Humility – Andrew Murray *read & recommended The Charisma Myth – Olivia Fox Cabane * The Autobiography of George Muller An Illustrated Atlas – J.R.R. Tolkien Unfinished Tales of Numenor and Middle-earth – J.R.R. Tolkien A.D. 33 – Ted Dekker Desiring God – John Piper When I Don’t Desire God – John Piper And Justice for All – John Perkins Connecting with Muslims – Fouad Masri Seeking Allah, Finding Jesus – Nabeel Qureshi The Book that Transforms Nations – Loren Cunningham Why Not Women? – Loren Cunningham The Book that Made Your World – Vishal Mangalwadi Cold Case Christianity – J. Warner Wallace Us Versus Us – Andrew Marin
Lately, I’ve not had much to say. On the phone with a friend last night, I mostly let him talk. There came that oft’ dreaded silence… “Well… I should let you go…”
I had thoughts, but none seemed important. Or they may have seemed valuable, but my voice did not have the strength to carry them. They resided in a place more honored by my silence.
Lately, I feel the same when talking to God. I don’t have much to say. He knows my troubles, and even the thought of mentioning them exhausts me. Not that they are much more than anyone else’s woes. The more I talk with people, the more I see that they are common. And maybe that’s what makes them feel heavier. A very deep and wide weight that affects us all, like gravity.
Waking up is hard. But this morning, I had somewhere to be, though I felt like I had nothing to bring. And that’s enough. It is enough to simply bring myself. As much as I want to be worthy of eternal love on my own, Christ gives this gift to me freely. He sees my weakness and loves me completely. It’s enough to be me. And this world I try to carry was carried for me.
And in that place, I felt the sweetness of His friendship. Not detached from sorrow, but more like my feet could be planted in it while my arms reached all the higher in love and hope. My Savior loves my friendship. And this is not some irreverent thing. It is entirely holy; built on my weakness and His strength. He carries me happily. He carries me – this happy, hurting, and growing tree. I drink freely of His love as He waters me.
In honor of National Black Poetry Day, I am sharing a couple of poems from Langston Hughes.
Harlem,by Langston Hughes
What happens to a dream deferred?
Does it dry up
like a raisin in the sun?
Or fester like a sore—
And then run?
Does it stink like rotten meat?
Or crust and sugar over—
like a syrupy sweet?
Maybe it just sags
like a heavy load.
Or does it explode?
Let America Be America Again, by Langston Hughes
Let America be America again.
Let it be the dream it used to be.
Let it be the pioneer on the plain
Seeking a home where he himself is free.
(America never was America to me.)
Let America be the dream the dreamers dreamed—
Let it be that great strong land of love
Where never kings connive nor tyrants scheme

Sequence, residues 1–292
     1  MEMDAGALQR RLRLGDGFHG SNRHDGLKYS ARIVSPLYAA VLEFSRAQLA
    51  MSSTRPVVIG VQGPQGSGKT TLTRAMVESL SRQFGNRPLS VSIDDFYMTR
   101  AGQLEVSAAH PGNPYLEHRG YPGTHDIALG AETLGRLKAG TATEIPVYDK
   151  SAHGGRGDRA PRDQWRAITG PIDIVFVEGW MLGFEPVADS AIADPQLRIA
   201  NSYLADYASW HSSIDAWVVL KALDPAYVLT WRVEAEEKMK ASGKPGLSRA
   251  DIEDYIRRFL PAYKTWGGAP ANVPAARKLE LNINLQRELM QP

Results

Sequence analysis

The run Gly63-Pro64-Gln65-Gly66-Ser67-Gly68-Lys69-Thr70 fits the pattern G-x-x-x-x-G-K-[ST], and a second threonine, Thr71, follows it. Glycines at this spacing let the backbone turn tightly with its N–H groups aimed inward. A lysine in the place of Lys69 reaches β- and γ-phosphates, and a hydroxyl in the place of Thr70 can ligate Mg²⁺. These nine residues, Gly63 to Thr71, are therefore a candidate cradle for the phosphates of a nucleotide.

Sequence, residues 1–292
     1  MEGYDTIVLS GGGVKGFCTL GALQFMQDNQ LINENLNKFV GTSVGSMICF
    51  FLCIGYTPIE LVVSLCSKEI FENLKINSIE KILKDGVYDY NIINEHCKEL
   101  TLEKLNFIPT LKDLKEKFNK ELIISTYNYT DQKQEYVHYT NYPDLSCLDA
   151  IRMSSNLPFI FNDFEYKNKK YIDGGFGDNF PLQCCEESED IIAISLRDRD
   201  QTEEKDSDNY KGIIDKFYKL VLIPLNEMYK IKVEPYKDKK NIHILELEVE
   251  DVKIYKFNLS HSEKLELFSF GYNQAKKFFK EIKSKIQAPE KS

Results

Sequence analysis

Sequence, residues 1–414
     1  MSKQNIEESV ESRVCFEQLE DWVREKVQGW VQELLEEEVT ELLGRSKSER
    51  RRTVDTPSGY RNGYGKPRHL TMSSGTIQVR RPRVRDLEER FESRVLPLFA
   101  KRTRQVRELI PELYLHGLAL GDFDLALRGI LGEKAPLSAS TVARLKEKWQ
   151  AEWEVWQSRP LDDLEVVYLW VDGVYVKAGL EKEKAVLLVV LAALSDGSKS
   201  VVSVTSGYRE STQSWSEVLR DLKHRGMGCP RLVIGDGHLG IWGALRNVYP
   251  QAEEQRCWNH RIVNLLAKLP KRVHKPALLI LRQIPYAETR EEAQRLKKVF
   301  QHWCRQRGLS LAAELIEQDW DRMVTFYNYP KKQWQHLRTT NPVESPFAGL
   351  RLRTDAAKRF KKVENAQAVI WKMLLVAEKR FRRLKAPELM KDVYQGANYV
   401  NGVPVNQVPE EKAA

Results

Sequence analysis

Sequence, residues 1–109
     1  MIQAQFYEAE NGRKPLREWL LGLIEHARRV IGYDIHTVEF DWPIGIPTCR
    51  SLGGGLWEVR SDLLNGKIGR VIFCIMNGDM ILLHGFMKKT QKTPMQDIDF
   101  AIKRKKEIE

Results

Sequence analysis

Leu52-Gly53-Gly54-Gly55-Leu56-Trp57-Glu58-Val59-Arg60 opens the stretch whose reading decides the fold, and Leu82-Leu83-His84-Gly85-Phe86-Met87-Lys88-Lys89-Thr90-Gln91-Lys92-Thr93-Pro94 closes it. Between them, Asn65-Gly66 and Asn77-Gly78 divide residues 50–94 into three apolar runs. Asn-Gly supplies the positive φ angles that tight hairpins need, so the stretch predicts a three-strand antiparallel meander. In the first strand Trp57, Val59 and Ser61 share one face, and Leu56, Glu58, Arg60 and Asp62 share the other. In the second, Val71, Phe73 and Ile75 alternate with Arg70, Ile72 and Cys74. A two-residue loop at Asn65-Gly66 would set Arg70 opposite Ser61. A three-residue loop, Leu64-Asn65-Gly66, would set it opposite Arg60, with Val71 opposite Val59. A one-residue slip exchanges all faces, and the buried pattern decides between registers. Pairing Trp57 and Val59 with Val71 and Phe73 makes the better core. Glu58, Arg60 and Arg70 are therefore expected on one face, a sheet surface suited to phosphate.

That any man be crushed by one above.
(It never was America to me.)
O, let my land be a land where Liberty
Is crowned with no false patriotic wreath,
But opportunity is real, and life is free,
Equality is in the air we breathe.
(There’s never been equality for me,
Nor freedom in this “homeland of the free.”)Say, who are you that mumbles in the dark?
And who are you that draws your veil across the stars?
I am the poor white, fooled and pushed apart,
I am the Negro bearing slavery’s scars.
I am the red man driven from the land,
I am the immigrant clutching the hope I seek—
And finding only the same old stupid plan
Of dog eat dog, of mighty crush the weak.
I am the young man, full of strength and hope,
Tangled in that ancient endless chain
Of profit, power, gain, of grab the land!
Of grab the gold! Of grab the ways of satisfying need!
Of work the men! Of take the pay!
Of owning everything for one’s own greed!
I am the farmer, bondsman to the soil.
I am the worker sold to the machine.
I am the Negro, servant to you all.
I am the people, humble, hungry, mean—
Hungry yet today despite the dream.
Beaten yet today—O, Pioneers!
I am the man who never got ahead,
The poorest worker bartered through the years.
Yet I’m the one who dreamt our basic dream
In the Old World while still a serf of kings,
Who dreamt a dream so strong, so brave, so true,
That even yet its mighty daring sings
In every brick and stone, in every furrow turned
That’s made America the land it has become.
O, I’m the man who sailed those early seas
In search of what I meant to be my home—
For I’m the one who left dark Ireland’s shore,
And Poland’s plain, and England’s grassy lea,
And torn from Black Africa’s strand I came
To build a “homeland of the free.”
Who said the free? Not me?
Surely not me? The millions on relief today?
The millions shot down when we strike?
The millions who have nothing for our pay?
For all the dreams we’ve dreamed
And all the songs we’ve sung
And all the hopes we’ve held
And all the flags we’ve hung,
The millions who have nothing for our pay—
Except the dream that’s almost dead today.
O, let America be America again—
The land that never has been yet—
And yet must be—the land where every man is free.
The land that’s mine—the poor man’s, Indian’s, Negro’s, ME—
Who made America,
Whose sweat and blood, whose faith and pain,
Whose hand at the foundry, whose plow in the rain,
Must bring back our mighty dream again.
Sure, call me any ugly name you choose—
The steel of freedom does not stain.
From those who live like leeches on the people’s lives,
We must take back our land again,
I say it plain,
America never was America to me,
And yet I swear this oath—
America will be!
Out of the rack and ruin of our gangster death,
The rape and rot of graft, and stealth, and lies,
We, the people, must redeem
The land, the mines, the plants, the rivers.
The mountains and the endless plain—
All, all the stretch of these great green states—
And make America again!